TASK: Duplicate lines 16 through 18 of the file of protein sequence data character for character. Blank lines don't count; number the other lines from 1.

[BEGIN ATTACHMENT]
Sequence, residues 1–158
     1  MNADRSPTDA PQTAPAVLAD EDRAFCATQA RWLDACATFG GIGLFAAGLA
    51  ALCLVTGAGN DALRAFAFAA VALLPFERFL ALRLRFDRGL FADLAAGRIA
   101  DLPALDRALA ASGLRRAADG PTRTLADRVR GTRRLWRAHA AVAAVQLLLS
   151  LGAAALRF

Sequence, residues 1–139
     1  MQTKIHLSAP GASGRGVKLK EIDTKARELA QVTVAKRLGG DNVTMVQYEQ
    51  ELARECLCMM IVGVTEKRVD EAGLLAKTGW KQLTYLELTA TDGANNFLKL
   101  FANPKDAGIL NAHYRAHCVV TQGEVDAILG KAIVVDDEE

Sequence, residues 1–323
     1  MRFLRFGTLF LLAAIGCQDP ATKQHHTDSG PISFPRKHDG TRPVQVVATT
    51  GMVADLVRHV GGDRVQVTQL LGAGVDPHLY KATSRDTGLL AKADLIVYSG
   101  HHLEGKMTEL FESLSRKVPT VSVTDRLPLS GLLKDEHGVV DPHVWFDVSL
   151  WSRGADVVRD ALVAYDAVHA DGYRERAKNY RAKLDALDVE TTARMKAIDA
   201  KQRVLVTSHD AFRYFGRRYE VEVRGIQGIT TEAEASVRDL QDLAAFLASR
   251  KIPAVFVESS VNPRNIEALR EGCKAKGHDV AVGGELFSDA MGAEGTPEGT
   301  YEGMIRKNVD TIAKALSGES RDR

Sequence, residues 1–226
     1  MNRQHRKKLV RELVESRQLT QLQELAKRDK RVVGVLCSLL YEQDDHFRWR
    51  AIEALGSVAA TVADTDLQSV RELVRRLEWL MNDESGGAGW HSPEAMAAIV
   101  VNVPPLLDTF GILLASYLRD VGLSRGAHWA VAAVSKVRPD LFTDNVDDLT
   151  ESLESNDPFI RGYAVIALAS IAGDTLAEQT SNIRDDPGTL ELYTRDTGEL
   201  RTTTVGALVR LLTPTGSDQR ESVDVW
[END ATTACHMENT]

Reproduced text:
   251  KIPAVFVESS VNPRNIEALR EGCKAKGHDV AVGGELFSDA MGAEGTPEGT
   301  YEGMIRKNVD TIAKALSGES RDR

Sequence, residues 1–226